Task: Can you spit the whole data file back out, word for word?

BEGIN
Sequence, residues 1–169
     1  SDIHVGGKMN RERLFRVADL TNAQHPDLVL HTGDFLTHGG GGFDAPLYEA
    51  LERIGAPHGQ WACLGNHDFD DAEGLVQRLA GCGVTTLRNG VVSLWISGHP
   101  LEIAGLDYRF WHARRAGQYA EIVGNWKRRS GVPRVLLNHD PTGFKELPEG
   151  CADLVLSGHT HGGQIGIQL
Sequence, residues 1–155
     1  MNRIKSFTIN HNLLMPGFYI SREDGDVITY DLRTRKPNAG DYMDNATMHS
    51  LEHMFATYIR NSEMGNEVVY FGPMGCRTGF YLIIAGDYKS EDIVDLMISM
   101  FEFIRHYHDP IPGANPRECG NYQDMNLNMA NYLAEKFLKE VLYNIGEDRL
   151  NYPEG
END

Sequence, residues 1–169
     1  SDIHVGGKMN RERLFRVADL TNAQHPDLVL HTGDFLTHGG GGFDAPLYEA
    51  LERIGAPHGQ WACLGNHDFD DAEGLVQRLA GCGVTTLRNG VVSLWISGHP
   101  LEIAGLDYRF WHARRAGQYA EIVGNWKRRS GVPRVLLNHD PTGFKELPEG
   151  CADLVLSGHT HGGQIGIQL
Sequence, residues 1–155
     1  MNRIKSFTIN HNLLMPGFYI SREDGDVITY DLRTRKPNAG DYMDNATMHS
    51  LEHMFATYIR NSEMGNEVVY FGPMGCRTGF YLIIAGDYKS EDIVDLMISM
   101  FEFIRHYHDP IPGANPRECG NYQDMNLNMA NYLAEKFLKE VLYNIGEDRL
   151  NYPEG